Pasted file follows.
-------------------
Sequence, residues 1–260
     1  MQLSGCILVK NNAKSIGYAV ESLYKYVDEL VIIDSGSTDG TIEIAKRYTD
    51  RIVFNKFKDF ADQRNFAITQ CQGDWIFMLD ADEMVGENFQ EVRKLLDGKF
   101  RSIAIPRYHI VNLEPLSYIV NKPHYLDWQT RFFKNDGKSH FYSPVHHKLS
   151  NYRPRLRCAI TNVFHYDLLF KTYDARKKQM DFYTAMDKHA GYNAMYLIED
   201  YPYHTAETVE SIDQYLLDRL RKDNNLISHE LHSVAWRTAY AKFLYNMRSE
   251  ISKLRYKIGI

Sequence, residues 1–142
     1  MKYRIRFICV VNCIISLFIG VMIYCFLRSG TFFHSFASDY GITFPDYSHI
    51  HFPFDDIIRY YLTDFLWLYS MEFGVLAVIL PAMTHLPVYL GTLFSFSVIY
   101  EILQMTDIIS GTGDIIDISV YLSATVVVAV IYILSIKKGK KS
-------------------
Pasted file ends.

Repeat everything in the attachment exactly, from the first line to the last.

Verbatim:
Sequence, residues 1–260
     1  MQLSGCILVK NNAKSIGYAV ESLYKYVDEL VIIDSGSTDG TIEIAKRYTD
    51  RIVFNKFKDF ADQRNFAITQ CQGDWIFMLD ADEMVGENFQ EVRKLLDGKF
   101  RSIAIPRYHI VNLEPLSYIV NKPHYLDWQT RFFKNDGKSH FYSPVHHKLS
   151  NYRPRLRCAI TNVFHYDLLF KTYDARKKQM DFYTAMDKHA GYNAMYLIED
   201  YPYHTAETVE SIDQYLLDRL RKDNNLISHE LHSVAWRTAY AKFLYNMRSE
   251  ISKLRYKIGI

Sequence, residues 1–142
     1  MKYRIRFICV VNCIISLFIG VMIYCFLRSG TFFHSFASDY GITFPDYSHI
    51  HFPFDDIIRY YLTDFLWLYS MEFGVLAVIL PAMTHLPVYL GTLFSFSVIY
   101  EILQMTDIIS GTGDIIDISV YLSATVVVAV IYILSIKKGK KS